From Norway to Seattle
Edward Lee, born in Norway in 1840, apparently first came to the United States at the age of 20. In 1862, he was back in Norway and married Caroline L. (1845-1925). Three years later, Edward returned to the United States destined for Chicago, leaving his wife in Norway. In 1872, after getting established and earning enough money, he sent for his wife. They lived in Omaha, Nebraska, for at least six years before moving to Seattle in 1883.
The Lees arrived at Seattle just at the start of a depression that would last about three years. Edward managed to get a job as a ship carpenter employed by Alexander Allen who operated Allen’s Ship Ways located next to the barrel factory in "North Seattle." At the time, North Seattle referred to the area that later became known as Belltown, separated from the main district of Seattle by Denny Hill.
To Build a Ship
By no later than the summer of 1886, Edward Lee struck out on his own and purchased land along the west shore of Lake Washington for a shipyard to build and repair ships plying the lake. Below is a list of likely ships and boats constructed at the Lee shipyard. This was called Lee’s place until in 1889 the Pontiac Brick and Tile Company established a brickyard nearby. The following year the Pontiac Post Office opened. In 1892, the U.S. Post Office Department appointed Edward Lee postmaster of Pontiac, a position he held for 17 years. Upon his retirement, the post office closed.
In 1892, the Lees' real estate included about 60 acres of land less the area taken for the Seattle, Lake Shore & Eastern Railroad line built in 1887. The Lees cleared about 19 acres for their farming activities that supplemented and sometimes supplanted their income when the shipbuilding business was slow. Based on the future street grid, their property was located between about NE 73rd and NE 80th streets and 55th Avenue NE and 60th Avenue NE. Because of the terrain of the land, the Lee shipyard and farm were located east of the Seattle, Lake Shore & Eastern Railroad line (the present-day route of the Burke-Gilman Trail).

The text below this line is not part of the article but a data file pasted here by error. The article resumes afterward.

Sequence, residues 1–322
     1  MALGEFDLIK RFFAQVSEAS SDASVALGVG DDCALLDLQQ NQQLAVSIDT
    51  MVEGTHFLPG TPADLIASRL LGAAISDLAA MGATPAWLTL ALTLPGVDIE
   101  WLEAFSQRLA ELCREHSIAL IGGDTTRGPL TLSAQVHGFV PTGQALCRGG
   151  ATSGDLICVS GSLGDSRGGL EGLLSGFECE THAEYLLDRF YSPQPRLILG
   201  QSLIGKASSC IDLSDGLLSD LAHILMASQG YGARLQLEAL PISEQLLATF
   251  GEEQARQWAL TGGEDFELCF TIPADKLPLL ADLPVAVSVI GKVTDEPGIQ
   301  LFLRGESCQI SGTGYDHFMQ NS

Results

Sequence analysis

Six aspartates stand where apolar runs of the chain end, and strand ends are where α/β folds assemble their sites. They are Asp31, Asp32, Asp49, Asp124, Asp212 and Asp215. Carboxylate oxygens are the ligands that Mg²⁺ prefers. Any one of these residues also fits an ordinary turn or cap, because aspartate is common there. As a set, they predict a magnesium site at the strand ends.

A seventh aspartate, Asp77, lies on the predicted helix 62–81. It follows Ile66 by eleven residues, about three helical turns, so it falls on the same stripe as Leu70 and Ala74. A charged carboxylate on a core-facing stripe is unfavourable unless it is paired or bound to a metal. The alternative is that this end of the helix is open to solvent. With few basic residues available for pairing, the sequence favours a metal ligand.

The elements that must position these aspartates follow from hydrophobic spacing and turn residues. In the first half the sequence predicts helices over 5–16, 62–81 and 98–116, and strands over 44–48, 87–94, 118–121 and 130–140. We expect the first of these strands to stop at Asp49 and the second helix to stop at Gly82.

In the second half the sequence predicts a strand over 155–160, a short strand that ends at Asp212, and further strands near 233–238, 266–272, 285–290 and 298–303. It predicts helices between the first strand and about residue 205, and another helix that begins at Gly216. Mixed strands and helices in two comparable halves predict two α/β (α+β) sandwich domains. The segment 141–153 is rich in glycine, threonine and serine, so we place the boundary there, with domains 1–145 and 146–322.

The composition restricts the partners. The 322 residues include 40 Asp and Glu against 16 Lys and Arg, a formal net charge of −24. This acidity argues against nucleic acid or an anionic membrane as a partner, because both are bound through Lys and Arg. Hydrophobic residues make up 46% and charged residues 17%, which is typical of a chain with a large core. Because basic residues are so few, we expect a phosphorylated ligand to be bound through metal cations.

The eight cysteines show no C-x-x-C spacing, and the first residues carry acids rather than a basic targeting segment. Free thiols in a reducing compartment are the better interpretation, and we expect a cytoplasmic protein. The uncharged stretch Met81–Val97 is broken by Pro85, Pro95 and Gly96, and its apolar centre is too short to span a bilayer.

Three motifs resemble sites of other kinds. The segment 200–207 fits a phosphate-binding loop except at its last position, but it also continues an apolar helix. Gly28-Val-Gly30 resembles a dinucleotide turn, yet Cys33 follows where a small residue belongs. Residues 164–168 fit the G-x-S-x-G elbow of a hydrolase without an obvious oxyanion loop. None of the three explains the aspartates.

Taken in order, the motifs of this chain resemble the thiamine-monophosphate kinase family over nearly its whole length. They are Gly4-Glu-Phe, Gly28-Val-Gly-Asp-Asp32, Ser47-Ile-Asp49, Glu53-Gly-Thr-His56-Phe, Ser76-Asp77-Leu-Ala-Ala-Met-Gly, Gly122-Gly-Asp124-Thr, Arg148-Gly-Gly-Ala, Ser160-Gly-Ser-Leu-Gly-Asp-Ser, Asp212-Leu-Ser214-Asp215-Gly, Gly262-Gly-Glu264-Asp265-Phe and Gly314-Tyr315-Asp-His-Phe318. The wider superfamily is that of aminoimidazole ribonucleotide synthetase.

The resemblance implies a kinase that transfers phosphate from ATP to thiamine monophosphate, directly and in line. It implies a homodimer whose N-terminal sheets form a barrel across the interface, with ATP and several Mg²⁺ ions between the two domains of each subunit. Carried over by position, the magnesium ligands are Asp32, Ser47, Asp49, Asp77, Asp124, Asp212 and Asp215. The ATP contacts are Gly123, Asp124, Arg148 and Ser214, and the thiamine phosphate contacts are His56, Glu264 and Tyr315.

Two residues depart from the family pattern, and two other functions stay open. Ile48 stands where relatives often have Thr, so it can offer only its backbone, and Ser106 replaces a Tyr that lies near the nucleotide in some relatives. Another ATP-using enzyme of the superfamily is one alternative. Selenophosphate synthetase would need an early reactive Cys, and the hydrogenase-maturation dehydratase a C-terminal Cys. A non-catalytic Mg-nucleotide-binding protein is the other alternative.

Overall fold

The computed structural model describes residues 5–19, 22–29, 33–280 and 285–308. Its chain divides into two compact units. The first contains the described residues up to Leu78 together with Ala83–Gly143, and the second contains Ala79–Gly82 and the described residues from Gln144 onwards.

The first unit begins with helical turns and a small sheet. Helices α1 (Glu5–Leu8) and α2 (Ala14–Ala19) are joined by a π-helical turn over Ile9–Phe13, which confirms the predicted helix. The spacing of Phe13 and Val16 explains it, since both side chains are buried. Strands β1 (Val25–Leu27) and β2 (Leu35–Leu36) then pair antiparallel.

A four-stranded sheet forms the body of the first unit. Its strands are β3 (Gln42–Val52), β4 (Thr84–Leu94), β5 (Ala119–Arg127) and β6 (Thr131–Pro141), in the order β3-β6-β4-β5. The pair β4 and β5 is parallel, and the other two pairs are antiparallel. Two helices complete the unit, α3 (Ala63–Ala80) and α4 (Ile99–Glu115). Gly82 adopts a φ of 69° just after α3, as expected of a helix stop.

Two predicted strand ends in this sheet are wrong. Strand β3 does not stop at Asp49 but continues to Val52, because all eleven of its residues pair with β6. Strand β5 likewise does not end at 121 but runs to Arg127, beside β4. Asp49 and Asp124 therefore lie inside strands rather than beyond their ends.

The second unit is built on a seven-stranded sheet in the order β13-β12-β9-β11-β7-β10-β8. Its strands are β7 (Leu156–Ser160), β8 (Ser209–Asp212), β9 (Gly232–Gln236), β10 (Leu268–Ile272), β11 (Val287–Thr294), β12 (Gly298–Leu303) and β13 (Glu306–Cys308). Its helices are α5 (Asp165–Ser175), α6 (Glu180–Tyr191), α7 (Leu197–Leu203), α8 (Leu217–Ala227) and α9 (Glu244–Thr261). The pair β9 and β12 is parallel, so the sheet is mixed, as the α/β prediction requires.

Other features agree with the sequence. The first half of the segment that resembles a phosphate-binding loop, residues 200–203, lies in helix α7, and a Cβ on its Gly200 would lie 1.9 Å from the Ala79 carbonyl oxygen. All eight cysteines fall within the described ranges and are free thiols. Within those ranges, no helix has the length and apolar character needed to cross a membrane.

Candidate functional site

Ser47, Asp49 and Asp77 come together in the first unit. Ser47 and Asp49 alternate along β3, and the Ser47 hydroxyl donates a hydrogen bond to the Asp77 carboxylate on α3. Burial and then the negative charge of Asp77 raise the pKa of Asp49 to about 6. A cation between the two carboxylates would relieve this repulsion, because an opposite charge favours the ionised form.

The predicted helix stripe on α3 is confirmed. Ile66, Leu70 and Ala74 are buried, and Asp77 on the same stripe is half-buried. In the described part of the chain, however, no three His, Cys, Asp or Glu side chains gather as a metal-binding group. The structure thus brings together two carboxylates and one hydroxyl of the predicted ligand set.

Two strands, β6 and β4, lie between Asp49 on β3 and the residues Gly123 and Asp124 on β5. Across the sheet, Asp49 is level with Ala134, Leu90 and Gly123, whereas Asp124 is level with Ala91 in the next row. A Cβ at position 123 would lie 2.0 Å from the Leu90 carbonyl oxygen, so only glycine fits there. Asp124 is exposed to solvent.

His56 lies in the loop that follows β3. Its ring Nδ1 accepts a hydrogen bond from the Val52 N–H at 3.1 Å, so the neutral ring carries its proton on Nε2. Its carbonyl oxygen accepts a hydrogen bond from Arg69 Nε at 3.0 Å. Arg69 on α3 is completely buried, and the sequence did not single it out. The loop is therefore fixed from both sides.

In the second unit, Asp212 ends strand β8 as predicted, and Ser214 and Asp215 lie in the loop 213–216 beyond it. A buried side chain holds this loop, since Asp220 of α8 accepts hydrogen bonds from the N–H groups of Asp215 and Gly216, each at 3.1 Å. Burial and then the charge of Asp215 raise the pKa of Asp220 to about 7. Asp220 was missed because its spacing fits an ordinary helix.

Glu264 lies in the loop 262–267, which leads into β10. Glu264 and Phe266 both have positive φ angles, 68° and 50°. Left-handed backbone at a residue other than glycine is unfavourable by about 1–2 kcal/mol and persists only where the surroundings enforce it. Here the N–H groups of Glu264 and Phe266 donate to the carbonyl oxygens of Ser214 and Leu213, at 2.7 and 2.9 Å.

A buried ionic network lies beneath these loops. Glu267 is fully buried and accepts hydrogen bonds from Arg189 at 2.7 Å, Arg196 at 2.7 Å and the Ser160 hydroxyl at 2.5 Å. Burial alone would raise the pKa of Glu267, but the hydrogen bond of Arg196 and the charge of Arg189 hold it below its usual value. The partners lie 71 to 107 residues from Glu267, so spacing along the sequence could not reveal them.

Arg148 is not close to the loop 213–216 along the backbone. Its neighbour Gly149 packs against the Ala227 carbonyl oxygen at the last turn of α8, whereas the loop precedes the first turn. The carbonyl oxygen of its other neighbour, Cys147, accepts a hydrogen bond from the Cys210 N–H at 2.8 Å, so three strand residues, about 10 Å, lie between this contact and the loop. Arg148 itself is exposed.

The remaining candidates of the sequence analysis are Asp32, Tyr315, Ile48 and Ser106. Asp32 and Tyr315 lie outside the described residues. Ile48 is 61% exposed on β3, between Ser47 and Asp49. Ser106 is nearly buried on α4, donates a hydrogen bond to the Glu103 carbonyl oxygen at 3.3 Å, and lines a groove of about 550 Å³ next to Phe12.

Edward Lee retired in 1909, and the family moved to the Queen Anne neighborhood of Seattle where they lived for about 10 years before returning to Sand Point to live with their daughter and son-in-law Eva and Harold Jorgenson. After the death of Caroline Lee in 1925, the Jorgensons and Edward Lee moved to Ballard where the elder Lee resided until his death in 1928.
The Ships Lee Built
The history of boat building on Lake Washington is murky. Following are the possible boats built at Edward Lee’s shipyard, with a sketch of each ship.
The steam screw Squak was built in 1884 for Capt. J. C. O’Conner. If Lee’s Sand Point shipyard was not yet established, he could have built the boat near where Capt. O’Conner lived at what later became Kirkland between Moss and Yarrow Bays. The passenger, towing, and freighting steamboat was 41 feet long. It traveled around Lake Washington and up Squak Slough and Squak Lake (renamed Sammamish Slough and Lake Sammamish) to Tibbets Landing (site of Issaquah). The Squak was destroyed in a December 25, 1890, storm while tied up at Moss Bay.
Laura Maud (1887)